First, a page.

Challenging readers' perceptions of older women and the cultural narrative of ageism : a critical and creative thesis presented in partial fulfilment of the requirements for the degree of Master of Creative Writing, Massey University, Manawatu, New Zealand

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This Master of Creative Writing research project consists of a collection of short stories and an accompanying exegesis, “Challenging Readers’ Perceptions of Older Women and the Western Cultural Narrative of Ageism”. These works were written to explore how fiction narratives, short stories in particular, are able to portray women in Western society, past the age of fifty, in a way that reflects both the positive and negative aspects of her reality. One intention of my research is to challenge the negative cultural discourses which currently dominate the stereotypical way that younger people especially regard the older woman and her societal role. However, another intention is to challenge the older person’s internalised ageism which they have developed throughout their lives in a society that has perpetuated negative and destructive beliefs of and attitudes towards the older woman. The exegesis investigates contemporary research conducted by gerontologists, psychologists and cultural activists who expose the damaging effects on the older person and society as a whole, of the cultural narratives that exist around old age. In particular, the research indicates that current narratives have emanated from medical research which defines older age as a time of physical, mental and often emotional decline. The global conversation which began in the last fifty years after Robert Butler first used the term “ageism” in a public forum, identifies the need for change if people are to live through all the life stages with a healthier view of the culminating phases of life. At present, people’s health is compromised because they have been conditioned by society to believe that old age equals frailty, impairment and social isolation. The research reveals one of the most powerful ways of altering negative cultural narratives, is through fiction narratives in which writers imaginatively engage the reader in considering the reality of living to older age. The creative component further investigates the research in the narrative form of short stories which focus on the older woman or women as the protagonist. By championing the vitalities, complexities and intelligence of the older woman, I aim to join the global conversation which has begun and is exploring ways to challenge and adapt the societal view of older and old women.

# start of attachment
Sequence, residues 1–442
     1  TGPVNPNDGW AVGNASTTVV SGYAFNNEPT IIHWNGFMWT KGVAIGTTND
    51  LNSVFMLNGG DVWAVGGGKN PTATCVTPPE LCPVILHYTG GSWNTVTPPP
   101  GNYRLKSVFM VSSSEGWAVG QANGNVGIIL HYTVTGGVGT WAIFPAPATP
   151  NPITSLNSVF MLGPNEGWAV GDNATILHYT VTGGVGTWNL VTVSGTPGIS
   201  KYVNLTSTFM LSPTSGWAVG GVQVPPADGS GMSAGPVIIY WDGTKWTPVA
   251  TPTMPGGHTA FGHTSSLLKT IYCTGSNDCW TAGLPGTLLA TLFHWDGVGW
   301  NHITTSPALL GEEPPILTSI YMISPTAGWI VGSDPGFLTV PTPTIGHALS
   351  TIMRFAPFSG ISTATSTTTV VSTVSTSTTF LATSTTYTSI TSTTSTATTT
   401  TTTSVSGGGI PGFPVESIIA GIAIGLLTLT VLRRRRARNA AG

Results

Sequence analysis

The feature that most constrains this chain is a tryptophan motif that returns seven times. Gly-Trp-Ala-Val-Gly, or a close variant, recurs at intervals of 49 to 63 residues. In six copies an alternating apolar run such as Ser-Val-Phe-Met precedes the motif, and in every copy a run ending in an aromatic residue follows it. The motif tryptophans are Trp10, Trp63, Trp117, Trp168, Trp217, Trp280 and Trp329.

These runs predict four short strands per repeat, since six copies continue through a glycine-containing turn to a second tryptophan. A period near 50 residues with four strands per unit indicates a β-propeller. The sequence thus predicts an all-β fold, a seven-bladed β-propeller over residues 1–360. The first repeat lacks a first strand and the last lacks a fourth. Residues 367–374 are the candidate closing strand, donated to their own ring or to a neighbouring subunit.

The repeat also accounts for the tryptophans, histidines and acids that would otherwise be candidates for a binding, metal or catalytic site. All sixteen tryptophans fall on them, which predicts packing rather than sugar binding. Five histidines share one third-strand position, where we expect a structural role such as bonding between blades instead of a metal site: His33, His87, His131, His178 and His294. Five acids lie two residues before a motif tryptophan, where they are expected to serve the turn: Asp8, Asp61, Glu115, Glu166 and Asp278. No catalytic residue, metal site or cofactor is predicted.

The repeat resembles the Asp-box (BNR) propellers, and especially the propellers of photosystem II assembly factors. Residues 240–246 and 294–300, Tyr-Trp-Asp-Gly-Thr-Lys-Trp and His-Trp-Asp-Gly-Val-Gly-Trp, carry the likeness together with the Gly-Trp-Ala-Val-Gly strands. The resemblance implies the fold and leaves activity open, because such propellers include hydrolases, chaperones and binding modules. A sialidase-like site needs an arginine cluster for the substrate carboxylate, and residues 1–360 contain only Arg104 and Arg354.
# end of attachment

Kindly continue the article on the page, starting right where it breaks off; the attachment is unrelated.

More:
Ageism, Older women, Social conditions, Psychology, Older women in literature, Aging in literature, Attitude (Psychology), Feminist theory, Short stories, New Zealand, 21st century